Create the future, don’t guard the past.

I think we all know someone who’s opening line in any conversation is along the lines of “back in my day”, or “I remember when …..”.

Often, they are remembering something positive – (funny how we seem to forget the bad stuff after the passage of time isn’t it?” Reminiscing is fun – and can be useful. The danger arises when we begin to “live” in the past and the (tainted) memory of how good it was. Because we only remember the “good old days” and not the “actually, life was really tough old days”, we have a very tainted view of the past.

It is the same with the Christian life. Remembering the goodness of God is helpful – the Psalms are full of David remembering what God has done in the past and calling for Him to do it again.

God never changes – so looking back to what He has done is useful – but He is also “doing a new thing.” It is vital that we don’t miss the new thing that God is doing because we are looking backwards to what God did last week, last week or last century. We can learn lessons from all sorts of different people, denominations and cultures. We need to grab hold of the truths, embrace them, and apply the lessons to the next thing God is doing.

Nevertheless, …………

Remembering the past is important though. We call it testimony, and Revelation 19:10 tells us that “the testimony of Jesus is the spirit of prophecy.” Recounting the things that Jesus has done builds faith. There is a “hope” that is raised when we hear that someone has been blessed by God. We celebrate with them, but perhaps secretly wish that we could get a similar blessing.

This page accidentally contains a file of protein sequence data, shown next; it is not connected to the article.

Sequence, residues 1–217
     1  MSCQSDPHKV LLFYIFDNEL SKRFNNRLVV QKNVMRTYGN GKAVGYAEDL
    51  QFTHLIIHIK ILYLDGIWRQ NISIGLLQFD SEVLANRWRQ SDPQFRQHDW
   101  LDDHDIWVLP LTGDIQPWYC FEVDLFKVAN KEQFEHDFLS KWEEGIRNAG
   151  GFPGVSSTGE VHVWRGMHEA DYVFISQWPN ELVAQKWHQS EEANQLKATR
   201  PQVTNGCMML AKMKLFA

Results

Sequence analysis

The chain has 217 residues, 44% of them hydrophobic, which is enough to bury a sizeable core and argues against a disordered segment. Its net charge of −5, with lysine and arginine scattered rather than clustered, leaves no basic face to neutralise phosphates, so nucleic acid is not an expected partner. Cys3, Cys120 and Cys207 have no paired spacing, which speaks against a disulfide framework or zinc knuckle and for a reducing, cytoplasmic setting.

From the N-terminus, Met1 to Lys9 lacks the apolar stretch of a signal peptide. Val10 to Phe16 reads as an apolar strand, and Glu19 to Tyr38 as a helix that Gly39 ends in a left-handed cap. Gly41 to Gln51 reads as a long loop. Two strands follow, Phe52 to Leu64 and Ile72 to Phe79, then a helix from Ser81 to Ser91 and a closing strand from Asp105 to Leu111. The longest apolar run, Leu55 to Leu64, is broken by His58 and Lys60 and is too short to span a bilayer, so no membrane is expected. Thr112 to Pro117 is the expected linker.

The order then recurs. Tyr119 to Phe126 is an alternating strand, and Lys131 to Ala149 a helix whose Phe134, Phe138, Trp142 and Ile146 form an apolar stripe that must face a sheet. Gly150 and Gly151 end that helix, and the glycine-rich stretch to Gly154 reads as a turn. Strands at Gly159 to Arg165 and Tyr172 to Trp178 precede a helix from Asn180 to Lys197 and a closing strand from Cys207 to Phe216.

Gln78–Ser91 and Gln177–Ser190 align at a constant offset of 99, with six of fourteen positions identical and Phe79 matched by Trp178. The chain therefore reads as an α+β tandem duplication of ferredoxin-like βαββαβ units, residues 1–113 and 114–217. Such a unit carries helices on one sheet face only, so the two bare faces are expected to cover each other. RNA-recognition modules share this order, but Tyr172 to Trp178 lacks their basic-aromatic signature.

That we might also have a similar blessing is not a vain hope – because talking about these things releases something in the spiritual realm that really does enable more of the same to happen.

So, there is no doubt that testimony of the past is important.

But we can’t be constantly looking back – we risk missing what God is doing next. It’s like walking backwards all the time – we risk knocking into something, or worse falling over and hurting ourselves.

You see, the thing is, whilst it is great to hear of the things that Jesus did, the fact is He is still doing things today. We shouldn’t have to look very far back to allow testimony to build our faith.

When we create the future, we build on the lessons of the past. Things that have gone well, things that have challenged us. Without these lessons, there is the very real possibility of things falling apart around us.

I think it was Bill Johnson that once said, “God will never contradict His word, but He has no problem with contradicting our understanding of His word.” It’s great to wrestle with understanding the bible. Spending time in the word shapes us, helps us to be more like Jesus, and helps to ensure that we can “preach the word, being ready in season and out of season.” Recognising how different parts of scripture fit into the whole biblical narrative is vital. But spend too long focusing on one bit, and we may miss Holy Spirit moving in a different place.

We can look to the past to learn, but we can’t afford to live there.

One thought on “Create the future, don’t guard the past.

  1. For me the best reason for looking back, is to see how far we have come, then to look at the next summit, and to, as Paul said, “press on towards the mark”


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